Section 1983 creates a cause of action based on personal liability and predicated upon fault; thus, "to be liable under [Section] 1983, an individual defendant must have caused or participated in a constitutional deprivation." Pepper v. Village of Oak Park, 430 F.3d 809, 810 (7th Cir. 2005) (citations omitted). Merely naming a defendant in the caption is insufficient to state a claim. See Collins v. Kibort, 143 F.3d 331, 334 (7th Cir. 1998).

Plaintiff should also keep in mind that the applicable statute of limitations for a Section 1983 constitutional tort claim arising in Illinois is two years. See Wallace v. Kato, 549 U.S. 384, 387 (2007); Turley v. Rednour, 729 F.3d 645, 651 (7th Cir. 2013). As a general matter, a party's cause of action accrues when the party knows or reasonably should know of an injury and that the injury was wrongfully caused. Clay v. Kuhl, 727 N.E.2d 217, 220 (Ill. 2000).

Disposition

IT IS HEREBY ORDERED that, for the reasons stated, the complaint is DISMISSED without prejudice.

IT IS FURTHER ORDERED that Plaintiff is GRANTED leave to file an amended complaint on or before August 11, 2014. Any amended complaint must contain all claims against all defendants that Plaintiff desires to pursue. The complaint must be self-contained, without reference to the original complaint, memorandum, or exhibits. If no amended complaint is filed, the dismissal of the complaint will ripen into dismissal with prejudice, and this action will be dismissed with prejudice pursuant to Federal Rule of Civil Procedure 41(b), and Plaintiff may be assessed a "strike" for purposes of 28 U.S.C. § 1915(g). In any event, Plaintiff remains obligated to pay the $400 filing fee for this case.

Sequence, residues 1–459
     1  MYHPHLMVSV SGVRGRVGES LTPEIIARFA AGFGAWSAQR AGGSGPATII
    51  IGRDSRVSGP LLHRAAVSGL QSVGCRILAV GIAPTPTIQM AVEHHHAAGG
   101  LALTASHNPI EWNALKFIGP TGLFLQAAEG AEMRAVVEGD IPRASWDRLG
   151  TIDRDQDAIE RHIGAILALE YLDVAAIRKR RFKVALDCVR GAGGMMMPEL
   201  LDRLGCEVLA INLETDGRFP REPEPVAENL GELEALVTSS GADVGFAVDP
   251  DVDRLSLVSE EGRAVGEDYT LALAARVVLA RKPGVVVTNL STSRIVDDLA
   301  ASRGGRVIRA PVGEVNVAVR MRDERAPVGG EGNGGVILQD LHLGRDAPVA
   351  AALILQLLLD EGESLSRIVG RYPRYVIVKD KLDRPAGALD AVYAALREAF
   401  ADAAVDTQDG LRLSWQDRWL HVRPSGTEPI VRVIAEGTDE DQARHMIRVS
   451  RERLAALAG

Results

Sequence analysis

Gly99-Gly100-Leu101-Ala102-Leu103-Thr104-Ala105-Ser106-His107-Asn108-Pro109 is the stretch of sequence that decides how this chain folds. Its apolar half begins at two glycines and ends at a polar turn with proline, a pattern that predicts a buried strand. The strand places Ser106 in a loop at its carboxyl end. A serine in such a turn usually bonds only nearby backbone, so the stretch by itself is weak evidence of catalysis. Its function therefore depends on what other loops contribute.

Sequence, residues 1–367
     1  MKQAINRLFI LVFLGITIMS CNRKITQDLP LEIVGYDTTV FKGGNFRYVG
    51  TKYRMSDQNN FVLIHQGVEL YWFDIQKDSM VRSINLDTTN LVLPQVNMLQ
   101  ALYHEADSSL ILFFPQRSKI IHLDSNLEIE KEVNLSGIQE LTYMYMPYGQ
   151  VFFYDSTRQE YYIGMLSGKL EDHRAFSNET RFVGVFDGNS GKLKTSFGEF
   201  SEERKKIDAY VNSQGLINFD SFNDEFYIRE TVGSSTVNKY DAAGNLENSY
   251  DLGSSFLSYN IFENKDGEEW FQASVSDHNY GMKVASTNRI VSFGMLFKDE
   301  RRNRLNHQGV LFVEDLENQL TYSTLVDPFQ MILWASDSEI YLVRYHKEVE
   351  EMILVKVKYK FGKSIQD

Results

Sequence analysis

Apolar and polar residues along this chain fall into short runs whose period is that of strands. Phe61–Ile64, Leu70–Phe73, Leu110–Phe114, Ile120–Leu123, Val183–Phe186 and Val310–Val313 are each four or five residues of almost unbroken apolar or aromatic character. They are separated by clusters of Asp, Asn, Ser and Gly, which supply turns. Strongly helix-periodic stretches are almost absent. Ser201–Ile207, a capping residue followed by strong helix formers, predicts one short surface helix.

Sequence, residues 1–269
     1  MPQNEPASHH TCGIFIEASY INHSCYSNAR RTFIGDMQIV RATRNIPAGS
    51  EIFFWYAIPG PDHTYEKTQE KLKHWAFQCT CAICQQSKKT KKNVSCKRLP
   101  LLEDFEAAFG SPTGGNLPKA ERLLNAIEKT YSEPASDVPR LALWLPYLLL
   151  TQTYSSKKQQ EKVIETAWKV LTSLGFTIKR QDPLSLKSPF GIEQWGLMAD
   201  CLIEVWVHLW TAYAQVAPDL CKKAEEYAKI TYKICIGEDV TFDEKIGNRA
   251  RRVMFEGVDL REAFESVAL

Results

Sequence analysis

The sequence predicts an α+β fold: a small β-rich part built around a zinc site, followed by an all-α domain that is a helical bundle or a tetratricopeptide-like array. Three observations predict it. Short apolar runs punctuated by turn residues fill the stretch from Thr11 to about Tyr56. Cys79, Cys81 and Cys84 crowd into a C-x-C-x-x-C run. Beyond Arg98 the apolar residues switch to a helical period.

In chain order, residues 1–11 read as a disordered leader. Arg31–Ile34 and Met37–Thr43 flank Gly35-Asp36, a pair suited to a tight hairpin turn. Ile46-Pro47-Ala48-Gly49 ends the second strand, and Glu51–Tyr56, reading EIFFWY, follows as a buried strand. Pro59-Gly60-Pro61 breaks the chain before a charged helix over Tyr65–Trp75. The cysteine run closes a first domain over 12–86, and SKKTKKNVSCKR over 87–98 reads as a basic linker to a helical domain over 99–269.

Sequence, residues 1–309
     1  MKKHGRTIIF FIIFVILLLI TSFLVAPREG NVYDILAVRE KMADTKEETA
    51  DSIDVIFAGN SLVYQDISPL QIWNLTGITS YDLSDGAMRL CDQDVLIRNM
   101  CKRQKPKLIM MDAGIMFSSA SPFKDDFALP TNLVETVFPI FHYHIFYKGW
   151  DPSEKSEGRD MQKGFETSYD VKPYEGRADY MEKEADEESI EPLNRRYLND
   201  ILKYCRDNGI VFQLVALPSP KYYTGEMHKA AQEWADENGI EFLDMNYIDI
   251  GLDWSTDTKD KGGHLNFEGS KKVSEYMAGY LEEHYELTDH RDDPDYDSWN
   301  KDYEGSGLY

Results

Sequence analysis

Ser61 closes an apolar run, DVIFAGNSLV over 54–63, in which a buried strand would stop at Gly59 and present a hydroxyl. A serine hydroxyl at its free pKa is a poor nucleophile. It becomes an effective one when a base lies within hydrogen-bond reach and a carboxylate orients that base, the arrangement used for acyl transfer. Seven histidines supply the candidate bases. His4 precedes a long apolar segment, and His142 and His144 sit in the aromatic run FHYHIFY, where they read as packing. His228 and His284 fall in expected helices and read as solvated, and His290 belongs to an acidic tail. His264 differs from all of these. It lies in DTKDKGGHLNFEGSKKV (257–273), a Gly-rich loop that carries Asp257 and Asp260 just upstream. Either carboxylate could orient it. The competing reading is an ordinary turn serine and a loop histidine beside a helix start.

Finally, Plaintiff is ADVISED that he is under a continuing obligation to keep the Clerk of Court and each opposing party informed of any change in his address; the Court will not independently investigate his whereabouts. This shall be done in writing and not later than 7 days after a transfer or other change in address occurs. Failure to comply with this order will cause a delay in the transmission of court documents and may result in dismissal of this action for want of prosecution. See FED. R. CIV. P. 41(b).

IT IS SO ORDERED.